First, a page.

Link to comment
Share on other sites

Here ya' go: USDA data on agricultural productivity in the United States.

A slew of complex data tables, but according to Table 13, Total Productivity, it looks like Florida and Georgia are ahead of California (or at least they were in 1999, the most recent year for which full data is available). Without reading more deeply, I'm not sure what "total productivity" includes.

I'd certainly like to know more about the math behind the measurements. But assuming this is a size-adjusted productivity index that's relatively sensible, it's interesting to see California at number 3. These are the top ten:

State Rank in 1999

FL 1

GA 2

CA 3

WA 4

NC 5

AR 6

AZ 7

ID 8

IA 9

NE 10

I'm very surprised to see Arizona on there, so this measurement must include livestock, which I hadn't really been considering. Also interesting is that California was #1 in 1960 but fell to #3 by 1999.

Steven A. Shaw aka "Fat Guy"
Co-founder, Society for Culinary Arts & Letters, sshaw@egstaff.org
Proud signatory to the eG Ethics code
Director, New Media Studies, International Culinary Center (take my food-blogging course)

Link to comment
Share on other sites

Here ya' go: USDA data on agricultural productivity in the United States.

A slew of complex data tables, but according to Table 13, Total Productivity, it looks like Florida and Georgia are ahead of California (or at least they were in 1999, the most recent year for which full data is available). Without reading more deeply, I'm not sure what "total productivity" includes.

I'd certainly like to know more about the math behind the measurements. But assuming this is a size-adjusted productivity index that's relatively sensible, it's interesting to see California at number 3. These are the top ten:

State Rank in 1999

FL 1

GA 2

CA 3

WA 4

NC 5

AR 6

AZ 7

ID 8

IA 9

NE 10

I'm very surprised to see Arizona on there, so this measurement must include livestock, which I hadn't really been considering. Also interesting is that California was #1 in 1960 but fell to #3 by 1999.

Other USDA data include livestock, eggs, and dairy products in production, so I wonder if this measurement does too. The tables weren't annotated as to definitions, which must be somewhere else.

marketstel: Yes, I'm surprised that Alaska and Hawaii are not in the report! Hawaii has a lot of agriculture, which has moved from "export crops" like pineapple and sugar cane to more diversified small farms.

SuzySushi

"She sells shiso by the seashore."

My eGullet Foodblog: A Tropical Christmas in the Suburbs

Link to comment
Share on other sites

[...]

I'm very surprised to see Arizona on there, so this measurement must include livestock, which I hadn't really been considering. Also interesting is that California was #1 in 1960 but fell to #3 by 1999.

Arizona actually has quite a lot of agriculture. While a lot of the farms have been converted to real estate developments in recent years, they still produce a lot of cotton among other agricultural crops. They even have some vineyards.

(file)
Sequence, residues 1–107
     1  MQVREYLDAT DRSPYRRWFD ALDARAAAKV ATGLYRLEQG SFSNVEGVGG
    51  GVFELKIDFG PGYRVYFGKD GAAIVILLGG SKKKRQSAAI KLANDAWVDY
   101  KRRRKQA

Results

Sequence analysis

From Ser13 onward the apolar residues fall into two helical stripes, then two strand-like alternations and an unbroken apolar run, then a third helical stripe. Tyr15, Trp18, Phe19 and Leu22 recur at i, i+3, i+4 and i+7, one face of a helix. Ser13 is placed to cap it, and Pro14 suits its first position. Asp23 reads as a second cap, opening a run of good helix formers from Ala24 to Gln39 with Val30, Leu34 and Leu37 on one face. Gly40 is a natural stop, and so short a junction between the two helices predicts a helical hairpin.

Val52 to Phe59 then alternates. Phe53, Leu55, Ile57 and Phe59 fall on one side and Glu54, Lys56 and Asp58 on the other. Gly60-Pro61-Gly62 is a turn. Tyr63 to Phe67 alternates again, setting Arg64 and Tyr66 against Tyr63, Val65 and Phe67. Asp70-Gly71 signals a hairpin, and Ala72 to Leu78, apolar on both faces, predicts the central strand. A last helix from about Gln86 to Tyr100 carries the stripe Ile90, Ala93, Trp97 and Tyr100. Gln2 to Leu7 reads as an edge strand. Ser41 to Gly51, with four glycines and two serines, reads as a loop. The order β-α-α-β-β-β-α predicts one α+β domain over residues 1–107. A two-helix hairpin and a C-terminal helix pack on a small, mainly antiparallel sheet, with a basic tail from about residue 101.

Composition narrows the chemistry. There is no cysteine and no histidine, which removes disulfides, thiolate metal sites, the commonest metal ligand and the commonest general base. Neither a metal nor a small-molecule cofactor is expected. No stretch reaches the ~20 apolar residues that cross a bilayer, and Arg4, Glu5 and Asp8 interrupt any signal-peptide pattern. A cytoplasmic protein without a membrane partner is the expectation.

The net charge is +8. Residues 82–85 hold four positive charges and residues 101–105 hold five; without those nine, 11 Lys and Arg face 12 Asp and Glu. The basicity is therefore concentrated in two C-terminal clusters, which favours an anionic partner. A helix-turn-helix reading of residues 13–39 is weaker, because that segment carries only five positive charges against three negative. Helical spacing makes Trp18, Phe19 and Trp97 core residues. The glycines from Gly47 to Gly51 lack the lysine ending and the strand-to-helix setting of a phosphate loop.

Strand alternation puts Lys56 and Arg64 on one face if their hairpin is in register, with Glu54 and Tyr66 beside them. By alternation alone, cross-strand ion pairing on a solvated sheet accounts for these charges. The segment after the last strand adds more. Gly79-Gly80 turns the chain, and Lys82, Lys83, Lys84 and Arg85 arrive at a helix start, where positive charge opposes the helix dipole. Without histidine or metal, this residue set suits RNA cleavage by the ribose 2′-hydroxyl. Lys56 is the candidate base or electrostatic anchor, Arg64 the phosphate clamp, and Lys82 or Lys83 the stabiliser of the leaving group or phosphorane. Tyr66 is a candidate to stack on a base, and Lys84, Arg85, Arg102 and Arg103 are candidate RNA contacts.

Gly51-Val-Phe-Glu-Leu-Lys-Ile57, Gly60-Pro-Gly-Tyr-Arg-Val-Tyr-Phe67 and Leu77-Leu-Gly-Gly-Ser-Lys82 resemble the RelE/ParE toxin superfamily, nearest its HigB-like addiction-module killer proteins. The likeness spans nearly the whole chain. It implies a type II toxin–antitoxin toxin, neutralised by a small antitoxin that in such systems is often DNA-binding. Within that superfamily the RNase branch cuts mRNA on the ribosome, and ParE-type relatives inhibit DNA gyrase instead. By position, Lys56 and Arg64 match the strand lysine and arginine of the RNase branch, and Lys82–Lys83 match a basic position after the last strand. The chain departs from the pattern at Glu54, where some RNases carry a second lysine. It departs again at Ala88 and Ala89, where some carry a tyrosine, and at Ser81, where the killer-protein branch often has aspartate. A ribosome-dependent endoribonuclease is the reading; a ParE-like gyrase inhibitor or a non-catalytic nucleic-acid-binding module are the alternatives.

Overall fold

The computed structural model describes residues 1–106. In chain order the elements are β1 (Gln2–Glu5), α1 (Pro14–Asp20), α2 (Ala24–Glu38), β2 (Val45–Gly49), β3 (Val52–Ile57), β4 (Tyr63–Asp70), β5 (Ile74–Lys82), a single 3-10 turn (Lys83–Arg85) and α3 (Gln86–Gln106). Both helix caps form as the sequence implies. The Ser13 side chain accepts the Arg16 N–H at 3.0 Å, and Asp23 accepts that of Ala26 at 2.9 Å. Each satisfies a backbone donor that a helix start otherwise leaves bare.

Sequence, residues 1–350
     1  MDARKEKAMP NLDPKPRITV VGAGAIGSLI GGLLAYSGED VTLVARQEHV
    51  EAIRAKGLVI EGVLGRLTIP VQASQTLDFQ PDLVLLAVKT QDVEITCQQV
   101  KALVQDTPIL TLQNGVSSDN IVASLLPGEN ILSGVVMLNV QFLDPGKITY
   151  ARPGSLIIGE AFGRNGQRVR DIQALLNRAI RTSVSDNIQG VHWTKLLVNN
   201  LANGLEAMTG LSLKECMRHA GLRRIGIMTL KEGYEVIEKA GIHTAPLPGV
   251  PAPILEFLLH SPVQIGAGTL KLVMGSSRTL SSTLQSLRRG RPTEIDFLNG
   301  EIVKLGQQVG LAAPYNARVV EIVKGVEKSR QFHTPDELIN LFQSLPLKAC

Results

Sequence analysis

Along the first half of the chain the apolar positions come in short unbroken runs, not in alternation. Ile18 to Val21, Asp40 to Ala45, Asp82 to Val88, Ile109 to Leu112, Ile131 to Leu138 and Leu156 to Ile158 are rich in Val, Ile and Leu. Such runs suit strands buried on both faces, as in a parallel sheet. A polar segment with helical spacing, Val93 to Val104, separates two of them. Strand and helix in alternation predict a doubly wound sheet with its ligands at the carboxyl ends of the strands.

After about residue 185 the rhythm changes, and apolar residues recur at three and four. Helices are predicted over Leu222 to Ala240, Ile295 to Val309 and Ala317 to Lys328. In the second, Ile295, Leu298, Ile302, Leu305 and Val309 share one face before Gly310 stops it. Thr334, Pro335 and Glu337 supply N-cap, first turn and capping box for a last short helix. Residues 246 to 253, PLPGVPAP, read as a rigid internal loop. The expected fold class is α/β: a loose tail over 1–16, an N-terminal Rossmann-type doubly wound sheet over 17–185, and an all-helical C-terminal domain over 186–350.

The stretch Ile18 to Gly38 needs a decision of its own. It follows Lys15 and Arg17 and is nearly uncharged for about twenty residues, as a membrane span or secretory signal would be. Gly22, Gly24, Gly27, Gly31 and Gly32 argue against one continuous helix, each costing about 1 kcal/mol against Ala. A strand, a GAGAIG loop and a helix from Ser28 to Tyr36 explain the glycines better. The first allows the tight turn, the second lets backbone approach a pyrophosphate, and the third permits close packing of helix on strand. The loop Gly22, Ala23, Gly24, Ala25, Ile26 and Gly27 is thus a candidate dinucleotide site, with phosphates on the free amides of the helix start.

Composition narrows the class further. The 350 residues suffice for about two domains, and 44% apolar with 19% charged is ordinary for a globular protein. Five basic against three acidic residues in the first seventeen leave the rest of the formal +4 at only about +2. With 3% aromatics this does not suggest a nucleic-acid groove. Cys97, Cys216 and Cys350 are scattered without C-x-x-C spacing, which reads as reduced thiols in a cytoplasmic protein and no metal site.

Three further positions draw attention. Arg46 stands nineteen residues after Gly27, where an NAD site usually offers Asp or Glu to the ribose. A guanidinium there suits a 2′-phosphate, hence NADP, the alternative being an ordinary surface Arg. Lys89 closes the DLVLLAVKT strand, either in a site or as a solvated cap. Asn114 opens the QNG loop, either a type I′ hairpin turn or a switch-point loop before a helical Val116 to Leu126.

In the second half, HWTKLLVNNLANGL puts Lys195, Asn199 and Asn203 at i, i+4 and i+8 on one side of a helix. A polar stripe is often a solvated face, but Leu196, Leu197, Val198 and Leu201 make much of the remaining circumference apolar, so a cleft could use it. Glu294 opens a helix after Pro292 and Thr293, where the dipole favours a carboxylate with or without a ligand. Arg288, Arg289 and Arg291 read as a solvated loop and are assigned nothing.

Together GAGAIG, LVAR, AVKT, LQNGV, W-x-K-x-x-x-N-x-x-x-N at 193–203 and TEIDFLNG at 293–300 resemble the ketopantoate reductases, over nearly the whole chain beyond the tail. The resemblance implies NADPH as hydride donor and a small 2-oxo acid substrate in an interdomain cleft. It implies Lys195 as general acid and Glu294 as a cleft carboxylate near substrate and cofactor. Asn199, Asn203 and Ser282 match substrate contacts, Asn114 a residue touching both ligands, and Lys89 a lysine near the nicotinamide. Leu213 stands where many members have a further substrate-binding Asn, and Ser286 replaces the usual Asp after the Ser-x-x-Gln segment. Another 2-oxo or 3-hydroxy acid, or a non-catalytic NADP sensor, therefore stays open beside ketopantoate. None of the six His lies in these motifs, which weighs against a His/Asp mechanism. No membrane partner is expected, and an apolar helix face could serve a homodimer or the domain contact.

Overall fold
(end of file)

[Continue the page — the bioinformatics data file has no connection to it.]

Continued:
---

Erik Ellestad

If the ocean was whiskey and I was a duck...

Bernal Heights, SF, CA

Link to comment
Share on other sites

Here ya' go: USDA data on agricultural productivity in the United States.

A slew of complex data tables, but according to Table 13, Total Productivity, it looks like Florida and Georgia are ahead of California (or at least they were in 1999, the most recent year for which full data is available). Without reading more deeply, I'm not sure what "total productivity" includes.

I'd certainly like to know more about the math behind the measurements. But assuming this is a size-adjusted productivity index that's relatively sensible, it's interesting to see California at number 3. These are the top ten:

State Rank in 1999

FL 1

GA 2

CA 3

WA 4

NC 5

AR 6

AZ 7

ID 8

IA 9

NE 10

I'm very surprised to see Arizona on there, so this measurement must include livestock, which I hadn't really been considering. Also interesting is that California was #1 in 1960 but fell to #3 by 1999.

Other USDA data include livestock, eggs, and dairy products in production, so I wonder if this measurement does too. The tables weren't annotated as to definitions, which must be somewhere else.

marketstel: Yes, I'm surprised that Alaska and Hawaii are not in the report! Hawaii has a lot of agriculture, which has moved from "export crops" like pineapple and sugar cane to more diversified small farms.

Yea, I can remember well my 13 years of sampling those "diversified small farm" crops while living on Maui!

"I drink to make other people interesting".

Link to comment
Share on other sites

interesting stuff. first, it's important (and somewhat obvious) to remember that "agriculture" doesn't equate to produce. And I'm wondering what the standard is: are they measuring dollar output or is it volume of production? certainly, as someone pointed out, much of california is completely inhospitable ... even with the state's maze of water projects. Can anyone say "Donner Party"?

eta: just scanning some of the tables, i wonder if it might be something else entirely being measured: it seems to be they're comparing inputs and outputs. hard to say though, and I'm afraid I'm not going to spend a sunny Friday afternoon trying to figure it out. Thank god that book is finished!

Edited by russ parsons (log)
Link to comment
Share on other sites

[...]